Thursday afternoon, the weather is chilly and the usually busy Githongo pitch has no sight of any young ones kicking around the ball in the pitch or athletes working out as in the usual. In the surroundings, the densely constructed shelters are slowly shifting the small rural town of Githongo to an urbanized community center.

Utawala Chiefs Group at the Githongo Chief Camp. PHOTO/CREAW

Looking on to the vast field in the left corner is the Githongo Chiefs Offices. Outside, a group of women and men are seen chit chatting. Their starched and well-pressed brown khaki uniform brings their steadfastness to the fore; their threaded shoulders mark them out as protectors and defenders of the larger community as their call of duty bestows them.

The uniformed women and men are Chiefs from Imenti Central, Meru County who came together to establish the 14 members Utawala Chiefs Group with an aim to better provide coordinated response to GBV matters in their localities. Today, they are having their usual biweekly meetings to discuss the emerging issues in the community.

At the location level in Kenya’s administrative system, Chiefs are charged with mandate to maintain order within their jurisdiction. For the Utawala group, the work in the community goes over and above their call of duty. They derive passion from a violence free society where women and girls live in dignity, are better protected and able to move freely and thrive and thus their continued conversations and coordinated response to the ills that bedevils their community.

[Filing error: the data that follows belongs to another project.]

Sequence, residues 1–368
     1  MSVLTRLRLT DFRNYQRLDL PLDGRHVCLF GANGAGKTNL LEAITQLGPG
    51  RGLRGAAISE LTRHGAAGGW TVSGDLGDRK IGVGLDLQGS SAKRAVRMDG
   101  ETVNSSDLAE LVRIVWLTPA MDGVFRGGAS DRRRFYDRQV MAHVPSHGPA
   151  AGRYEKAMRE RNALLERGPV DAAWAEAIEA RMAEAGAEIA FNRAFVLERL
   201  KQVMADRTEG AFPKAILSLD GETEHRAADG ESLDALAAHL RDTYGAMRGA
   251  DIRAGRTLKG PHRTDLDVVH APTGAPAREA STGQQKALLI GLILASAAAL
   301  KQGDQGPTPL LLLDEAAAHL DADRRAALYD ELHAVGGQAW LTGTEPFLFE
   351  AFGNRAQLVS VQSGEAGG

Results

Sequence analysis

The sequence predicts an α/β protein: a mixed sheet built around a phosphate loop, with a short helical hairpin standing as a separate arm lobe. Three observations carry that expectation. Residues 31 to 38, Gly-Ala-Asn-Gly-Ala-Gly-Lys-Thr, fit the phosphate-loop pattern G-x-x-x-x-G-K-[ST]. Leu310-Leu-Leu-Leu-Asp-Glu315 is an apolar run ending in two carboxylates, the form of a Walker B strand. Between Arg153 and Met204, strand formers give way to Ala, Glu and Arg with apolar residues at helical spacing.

For more than two years now, they have been working together, raising their voices and driving conversations through Chiefs’ Barazas to educate their communities on the ills of GBV and the channels of reporting.

“I was privileged to be part of the Chiefs’ training that taught them on how to handle and support survivors when they report violations,” says Faith Kagwiria, a Chief at Kathurune West Location and also a member of the Utawala Chiefs.

As the first respondent when an incident occurs, it is paramount that Chiefs like Faith are well vast with the roles and responsibilities they play in regards to the various matters reported thus, CREAW through the Haki Yetu Jukumu Letu initiative came in handy to build their capacity to enable them to effectively support survivors and respond to the needs of the locals.

The initiative now in its third year of implementation and supported by the Embassy of Netherlands in Kenya equips Chiefs among other duty bearers with the knowledge on GBV related laws, how to document and report matters as well as how to set up community structures that promotes safe spaces in the community.